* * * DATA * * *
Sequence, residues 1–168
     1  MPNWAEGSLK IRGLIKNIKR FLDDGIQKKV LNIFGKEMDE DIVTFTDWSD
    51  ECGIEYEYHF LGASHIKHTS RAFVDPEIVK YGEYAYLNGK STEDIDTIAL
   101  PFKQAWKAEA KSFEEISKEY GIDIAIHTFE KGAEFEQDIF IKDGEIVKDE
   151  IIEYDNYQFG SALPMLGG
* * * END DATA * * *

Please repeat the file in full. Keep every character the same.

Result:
Sequence, residues 1–168
     1  MPNWAEGSLK IRGLIKNIKR FLDDGIQKKV LNIFGKEMDE DIVTFTDWSD
    51  ECGIEYEYHF LGASHIKHTS RAFVDPEIVK YGEYAYLNGK STEDIDTIAL
   101  PFKQAWKAEA KSFEEISKEY GIDIAIHTFE KGAEFEQDIF IKDGEIVKDE
   151  IIEYDNYQFG SALPMLGG